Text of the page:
This all leads to a fairly great fight between Goliath/Broadway and Dracon/his men, upon which Goliath comes very close to killing Dracon. But Broadway stops him and admits that he himself shot Elisa, which would have been a truly powerful moment if we got a more clear sense of Broadway’s guilt and how it was effecting him. The happenstance of the events that lead to the climactic fight does little to get into Broadway’s state of mind, unlike “The Thrill of the Hunt” and “Temptation” did for Lex and Brooklyn. He feels guilty, he gets angry, then he confesses, and it’s over. There are some truly nice moments – seeing Elisa’s family, the touching moment where Broadway admits it to Elisa herself – and some intriguing ones – Owen attempts to buy back the guns from Dracon, but Goliath blows them up, thus furthering the rift between himself and Xanatos – but it’s unfortunate that nothing significant occurs. I guess we could say Broadway, in one distinct moment, stopped his fucking around and grew up, but I wished we got more of a real distinct character moment from him.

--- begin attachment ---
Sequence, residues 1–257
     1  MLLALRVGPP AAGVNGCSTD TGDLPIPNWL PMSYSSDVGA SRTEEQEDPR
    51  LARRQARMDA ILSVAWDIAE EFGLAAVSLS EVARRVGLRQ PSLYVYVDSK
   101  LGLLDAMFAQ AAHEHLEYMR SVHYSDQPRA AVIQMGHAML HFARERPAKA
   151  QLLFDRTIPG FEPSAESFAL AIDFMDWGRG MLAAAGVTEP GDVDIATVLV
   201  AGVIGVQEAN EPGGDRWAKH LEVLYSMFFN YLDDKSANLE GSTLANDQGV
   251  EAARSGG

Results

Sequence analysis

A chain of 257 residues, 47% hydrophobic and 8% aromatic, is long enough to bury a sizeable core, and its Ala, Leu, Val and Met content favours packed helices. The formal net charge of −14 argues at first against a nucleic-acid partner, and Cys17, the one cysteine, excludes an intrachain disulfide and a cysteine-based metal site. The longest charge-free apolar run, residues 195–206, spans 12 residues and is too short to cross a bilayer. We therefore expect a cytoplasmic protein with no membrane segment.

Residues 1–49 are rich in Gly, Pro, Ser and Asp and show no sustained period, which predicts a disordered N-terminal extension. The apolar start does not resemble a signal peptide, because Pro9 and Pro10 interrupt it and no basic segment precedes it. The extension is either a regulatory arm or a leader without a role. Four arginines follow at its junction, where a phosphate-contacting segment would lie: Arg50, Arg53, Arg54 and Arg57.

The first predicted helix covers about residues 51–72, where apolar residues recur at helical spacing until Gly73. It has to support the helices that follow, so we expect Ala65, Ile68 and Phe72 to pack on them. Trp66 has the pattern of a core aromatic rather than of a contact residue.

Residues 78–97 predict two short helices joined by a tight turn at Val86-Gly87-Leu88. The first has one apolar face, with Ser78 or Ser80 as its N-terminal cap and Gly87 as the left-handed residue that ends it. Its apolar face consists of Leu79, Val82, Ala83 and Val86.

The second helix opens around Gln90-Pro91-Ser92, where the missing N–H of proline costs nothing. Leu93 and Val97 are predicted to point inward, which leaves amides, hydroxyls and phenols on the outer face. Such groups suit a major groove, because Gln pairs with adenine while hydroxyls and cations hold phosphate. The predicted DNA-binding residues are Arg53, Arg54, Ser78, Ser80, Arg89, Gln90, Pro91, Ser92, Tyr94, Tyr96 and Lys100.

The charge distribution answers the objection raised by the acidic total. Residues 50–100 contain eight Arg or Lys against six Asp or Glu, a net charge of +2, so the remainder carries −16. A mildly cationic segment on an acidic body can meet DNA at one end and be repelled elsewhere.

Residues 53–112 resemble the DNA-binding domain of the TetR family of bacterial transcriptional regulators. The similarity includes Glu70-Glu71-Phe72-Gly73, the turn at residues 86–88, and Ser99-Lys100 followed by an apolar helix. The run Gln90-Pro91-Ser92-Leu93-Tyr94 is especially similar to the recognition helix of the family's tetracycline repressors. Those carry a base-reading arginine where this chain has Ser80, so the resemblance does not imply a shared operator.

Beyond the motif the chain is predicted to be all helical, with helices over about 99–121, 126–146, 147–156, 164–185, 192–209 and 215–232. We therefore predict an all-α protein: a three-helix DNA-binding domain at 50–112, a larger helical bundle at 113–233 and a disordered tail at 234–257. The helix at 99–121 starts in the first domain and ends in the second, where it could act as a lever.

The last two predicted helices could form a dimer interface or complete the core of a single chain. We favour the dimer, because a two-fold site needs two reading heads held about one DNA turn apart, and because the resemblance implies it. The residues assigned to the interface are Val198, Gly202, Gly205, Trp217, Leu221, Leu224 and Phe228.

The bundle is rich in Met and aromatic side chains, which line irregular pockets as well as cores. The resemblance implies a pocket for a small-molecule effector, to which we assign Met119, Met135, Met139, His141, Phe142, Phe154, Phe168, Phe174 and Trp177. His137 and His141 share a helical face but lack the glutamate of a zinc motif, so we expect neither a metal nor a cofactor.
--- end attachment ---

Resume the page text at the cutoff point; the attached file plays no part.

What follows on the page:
That disappointment, however, is nothing compared to “Enter Macbeth,” a stunningly awful episode for pretty much the entire twenty-two minutes. First off, Disney switched animation studios, going from an assortment of places to the singular Wang. Wang is COMPLETELY out of its league here. While it took Wang a while to get a good handle on Ducktales when they took over (and even at their best, they couldn’t come close to TMS’s output at their mediocre), “Enter Macbeth” looks like shit. Characters constantly change sizes and shapes, perspectives are all out of whack, people manage to cross larges distances with only a few steps – this episode looks rushed as hell. It feels rushed, too, which is weird, since this is a fairly significant episode – Xanatos is released, the gargoyles moves out, a new villain with ties to Demona moves in – but writer Steve Perry in his first episode just can not balance all of this.